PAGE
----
April 12, 2024

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Top Senator Urges Swift Action on AI Regulations, Calling This a ‘Moment of Revolution’

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Top Senator Urges Swift Action on AI Regulations, Calling This a ‘Moment of Revolution’


Calling the rapid growth of artificial intelligence tools a “moment of revolution,” Senate Majority Leader Chuck Schumer said Wednesday that the government must act quickly to regulate companies that are developing it.

The New York Democrat said he is working on what he calls “exceedingly ambitious” bipartisan legislation to maximize the technology’s benefits and mitigate significant risks.

While Schumer did not lay out details of such legislation, he offered some key goals: protect U.S. elections from AI-generated misinformation or interference, shield U.S. workers and intellectual property, prevent exploitation by AI algorithms and create new guardrails to ward off bad actors.

AI legislation also should promote American innovation, Schumer said in a speech at the Center for Strategic and International Studies, a Washington think tank.

“If applied correctly, AI promises to transform life on Earth for the better,” Schumer said. “It will reshape how we fight disease, tackle hunger, manage our lives, enrich our minds and ensure peace. But there are real dangers that present themselves as well: job displacement, misinformation, a new age of weaponry and the risk of being unable to manage this new technology altogether.”

Schumer’s declaration of urgency comes weeks after scientists and tech industry leaders, including high-level executives at Microsoft and Google, issued a warning about the perils that artificial intelligence could pose to humankind.

“Mitigating the risk of extinction from AI should be a global priority alongside other societal-scale risks such as pandemics and nuclear war,” their statement said.

Worries about artificial intelligence systems outsmarting humans and running wild have intensified in recent months with the rise of a new generation of highly capable AI chatbots such as ChatGPT. It has sent countries around the world scrambling to come up with regulations for the developing technology, with the European Union blazing the trail with its AI Act expected to be approved later this year.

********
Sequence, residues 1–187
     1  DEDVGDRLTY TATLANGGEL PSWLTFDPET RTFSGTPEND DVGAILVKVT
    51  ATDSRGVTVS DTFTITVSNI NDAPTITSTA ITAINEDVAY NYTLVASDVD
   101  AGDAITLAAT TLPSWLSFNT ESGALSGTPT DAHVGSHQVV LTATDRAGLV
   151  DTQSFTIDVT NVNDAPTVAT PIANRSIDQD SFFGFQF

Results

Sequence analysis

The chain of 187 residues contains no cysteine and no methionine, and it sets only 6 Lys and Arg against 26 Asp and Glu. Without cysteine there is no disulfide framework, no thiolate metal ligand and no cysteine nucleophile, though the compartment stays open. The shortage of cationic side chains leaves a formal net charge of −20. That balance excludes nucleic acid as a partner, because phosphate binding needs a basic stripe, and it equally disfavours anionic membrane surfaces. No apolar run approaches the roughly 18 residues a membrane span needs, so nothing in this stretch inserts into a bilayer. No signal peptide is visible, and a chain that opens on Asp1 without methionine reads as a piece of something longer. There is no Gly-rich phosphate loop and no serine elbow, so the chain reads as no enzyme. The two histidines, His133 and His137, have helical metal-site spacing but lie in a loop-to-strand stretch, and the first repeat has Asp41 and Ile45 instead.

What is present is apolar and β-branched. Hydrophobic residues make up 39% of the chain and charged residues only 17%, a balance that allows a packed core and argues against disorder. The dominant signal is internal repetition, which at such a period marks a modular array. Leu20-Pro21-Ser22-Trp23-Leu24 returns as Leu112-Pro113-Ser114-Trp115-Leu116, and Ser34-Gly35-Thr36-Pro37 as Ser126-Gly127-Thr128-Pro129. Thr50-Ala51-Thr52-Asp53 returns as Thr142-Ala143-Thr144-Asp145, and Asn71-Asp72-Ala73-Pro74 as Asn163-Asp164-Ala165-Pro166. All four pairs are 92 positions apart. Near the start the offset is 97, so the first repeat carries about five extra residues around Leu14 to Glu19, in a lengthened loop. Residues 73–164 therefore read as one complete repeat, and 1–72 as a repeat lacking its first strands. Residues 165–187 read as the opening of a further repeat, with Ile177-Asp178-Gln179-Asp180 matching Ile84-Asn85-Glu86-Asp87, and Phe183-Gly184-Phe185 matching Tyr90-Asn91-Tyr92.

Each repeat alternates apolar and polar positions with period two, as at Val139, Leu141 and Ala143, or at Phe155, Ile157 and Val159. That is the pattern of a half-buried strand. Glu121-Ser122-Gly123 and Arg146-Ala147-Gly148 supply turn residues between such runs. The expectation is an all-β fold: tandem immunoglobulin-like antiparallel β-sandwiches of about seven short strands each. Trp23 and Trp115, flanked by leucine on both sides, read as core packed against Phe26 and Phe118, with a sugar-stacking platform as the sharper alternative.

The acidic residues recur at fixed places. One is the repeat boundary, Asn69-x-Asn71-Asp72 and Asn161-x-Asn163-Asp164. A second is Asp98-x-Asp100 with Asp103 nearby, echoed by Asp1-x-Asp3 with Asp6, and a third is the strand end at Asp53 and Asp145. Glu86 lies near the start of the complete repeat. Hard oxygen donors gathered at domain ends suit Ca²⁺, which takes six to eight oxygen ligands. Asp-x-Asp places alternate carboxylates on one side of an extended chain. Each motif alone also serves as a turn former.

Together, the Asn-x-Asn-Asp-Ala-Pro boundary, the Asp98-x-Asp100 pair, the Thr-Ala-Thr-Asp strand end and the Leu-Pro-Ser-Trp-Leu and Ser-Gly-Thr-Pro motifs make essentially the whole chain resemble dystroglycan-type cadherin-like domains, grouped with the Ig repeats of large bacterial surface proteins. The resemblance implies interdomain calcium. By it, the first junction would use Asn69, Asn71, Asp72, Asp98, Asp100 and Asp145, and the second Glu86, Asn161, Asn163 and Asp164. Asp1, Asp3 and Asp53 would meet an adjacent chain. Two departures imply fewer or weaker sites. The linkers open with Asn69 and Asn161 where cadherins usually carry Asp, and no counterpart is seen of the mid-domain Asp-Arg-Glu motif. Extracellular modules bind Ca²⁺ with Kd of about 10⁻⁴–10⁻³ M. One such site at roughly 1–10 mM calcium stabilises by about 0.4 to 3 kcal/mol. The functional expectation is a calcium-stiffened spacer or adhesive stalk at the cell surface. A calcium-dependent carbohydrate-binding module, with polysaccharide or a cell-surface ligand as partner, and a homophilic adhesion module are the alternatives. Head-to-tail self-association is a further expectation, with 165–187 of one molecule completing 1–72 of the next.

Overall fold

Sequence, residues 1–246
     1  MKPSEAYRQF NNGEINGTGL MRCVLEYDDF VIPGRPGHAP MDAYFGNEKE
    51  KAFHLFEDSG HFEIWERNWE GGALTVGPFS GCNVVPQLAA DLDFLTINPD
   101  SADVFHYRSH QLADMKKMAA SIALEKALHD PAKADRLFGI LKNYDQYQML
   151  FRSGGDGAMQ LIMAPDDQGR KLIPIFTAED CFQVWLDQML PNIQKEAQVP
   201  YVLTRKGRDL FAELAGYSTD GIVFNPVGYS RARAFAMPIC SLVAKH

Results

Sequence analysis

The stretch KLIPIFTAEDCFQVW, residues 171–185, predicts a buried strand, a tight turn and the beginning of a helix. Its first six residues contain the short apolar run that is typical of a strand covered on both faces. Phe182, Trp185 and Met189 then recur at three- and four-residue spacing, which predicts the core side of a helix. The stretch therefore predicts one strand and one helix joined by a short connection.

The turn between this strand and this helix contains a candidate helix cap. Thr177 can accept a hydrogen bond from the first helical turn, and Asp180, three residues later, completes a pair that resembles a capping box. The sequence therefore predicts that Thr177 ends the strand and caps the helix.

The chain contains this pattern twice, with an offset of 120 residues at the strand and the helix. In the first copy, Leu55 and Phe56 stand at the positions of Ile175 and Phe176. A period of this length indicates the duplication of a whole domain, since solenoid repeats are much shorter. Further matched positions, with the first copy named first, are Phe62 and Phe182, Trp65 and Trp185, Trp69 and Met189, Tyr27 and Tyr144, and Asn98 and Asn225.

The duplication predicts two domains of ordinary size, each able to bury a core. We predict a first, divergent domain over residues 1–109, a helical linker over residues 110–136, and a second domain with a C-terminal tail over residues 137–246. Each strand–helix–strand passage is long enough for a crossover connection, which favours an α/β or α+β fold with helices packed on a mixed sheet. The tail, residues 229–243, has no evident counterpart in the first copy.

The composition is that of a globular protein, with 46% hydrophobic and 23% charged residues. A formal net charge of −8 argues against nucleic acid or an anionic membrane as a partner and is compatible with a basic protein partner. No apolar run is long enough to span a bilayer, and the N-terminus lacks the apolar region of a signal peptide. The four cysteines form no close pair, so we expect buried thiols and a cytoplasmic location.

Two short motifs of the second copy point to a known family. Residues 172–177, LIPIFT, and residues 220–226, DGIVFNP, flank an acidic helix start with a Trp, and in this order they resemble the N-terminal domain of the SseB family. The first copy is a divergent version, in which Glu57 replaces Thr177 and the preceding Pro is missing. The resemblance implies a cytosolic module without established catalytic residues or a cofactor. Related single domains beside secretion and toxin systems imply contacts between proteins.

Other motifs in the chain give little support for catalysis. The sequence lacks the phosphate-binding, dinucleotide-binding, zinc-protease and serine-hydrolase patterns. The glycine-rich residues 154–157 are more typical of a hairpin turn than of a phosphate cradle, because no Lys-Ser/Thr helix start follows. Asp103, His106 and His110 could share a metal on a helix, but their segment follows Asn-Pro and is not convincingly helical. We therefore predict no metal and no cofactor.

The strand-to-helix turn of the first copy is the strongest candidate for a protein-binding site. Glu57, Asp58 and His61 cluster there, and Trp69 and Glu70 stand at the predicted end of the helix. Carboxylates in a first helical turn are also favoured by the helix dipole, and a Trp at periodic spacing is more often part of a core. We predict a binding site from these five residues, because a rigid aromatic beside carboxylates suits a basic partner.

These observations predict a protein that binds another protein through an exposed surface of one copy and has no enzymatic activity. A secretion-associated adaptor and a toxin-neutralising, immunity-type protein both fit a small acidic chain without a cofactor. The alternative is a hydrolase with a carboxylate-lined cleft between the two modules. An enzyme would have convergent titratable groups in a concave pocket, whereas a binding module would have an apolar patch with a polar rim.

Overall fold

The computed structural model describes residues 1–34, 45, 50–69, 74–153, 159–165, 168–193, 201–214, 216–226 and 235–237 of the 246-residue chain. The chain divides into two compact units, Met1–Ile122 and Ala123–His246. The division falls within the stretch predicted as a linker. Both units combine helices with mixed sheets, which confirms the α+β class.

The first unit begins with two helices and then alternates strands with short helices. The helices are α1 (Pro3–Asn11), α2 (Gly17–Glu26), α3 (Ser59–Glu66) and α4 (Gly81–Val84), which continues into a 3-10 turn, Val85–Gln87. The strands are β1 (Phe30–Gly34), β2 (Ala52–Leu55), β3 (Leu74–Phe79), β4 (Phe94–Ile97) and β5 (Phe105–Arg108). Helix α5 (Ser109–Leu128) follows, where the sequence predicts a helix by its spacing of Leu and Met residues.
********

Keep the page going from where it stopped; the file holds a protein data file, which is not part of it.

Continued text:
On Tuesday, President Joe Biden convened a group of technology leaders in San Francisco to debate what he called the “risks and enormous promises” of artificial intelligence. In May, the administration brought together tech CEOs at the White House to discuss these issues, with the Democratic president telling them, “What you’re doing has enormous potential and enormous danger.”

“We’ll see more technological change in the next 10 years that we saw in the last 50 years,” Biden said.

White House chief of staff Jeff Zients’ office is developing a set of actions the federal government can take over the coming weeks regarding AI, according to the White House.

Schumer’s hands-on involvement in crafting AI legislation is unusual, as Senate leaders usually leave the task to individual senators or committees. But he has taken a personal interest in regulating the development of artificial intelligence, arguing that it is urgent as companies have already introduced human-like chatbots and other products that could alter life as we know it. He is working with another Democrat, Sen. Martin Heinrich of New Mexico, and Republican Sens. Mike Rounds of South Dakota and Todd Young of Indiana to speak with experts, educate colleagues and write the legislation.

It’s an unexpected role for Schumer, in particular, who famously carries a low-tech flip phone, and for the Senate as a whole, where the pace of legislation is often glacial.

Senators average around retirement age and aren’t known for their mastery of high-tech. They’ve been mocked in recent years for basic questions at hearings — asking Facebook founder Mark Zuckerberg simple questions about how his platform works at a 2018 hearing on Russian interference, for example — and for a bipartisan reluctance to regulate the technology industry at all.

Schumer, along with several Republican colleagues, say the federal government can no longer afford to be laissez-faire with tech companies.

“If the government doesn’t step in, who will fill its place?” Schumer asked. “Individuals and the private sector can’t do the work of protecting our country. Even if many developers have good intentions, there will always be rogue actors, unscrupulous companies, and foreign adversaries that seek to harm us. And companies may not be willing to insert guardrails on their own, certainly if their competitors are not required to insert them as well.”

Attempting to regulate AI, Schumer said, “is unlike anything Congress has dealt with before.”

It is unclear if Schumer will be able to accomplish his goals. The effort is in its earliest stages, with the bipartisan working group just starting a series of briefings for all 100 senators to get them up to speed. In the House, legislation to regulate or oversee artificial intelligence has been more scattershot, and Republican leaders have not laid out any ambitious goals.

Schumer acknowledged that there are more questions than answers about the technology.

“It’s not like labor or healthcare or defense where Congress has a long history we can work off of,” Schumer said. “In fact, experts admit nobody is even sure which questions policymakers should be asking. In many ways, we’re starting from scratch.”





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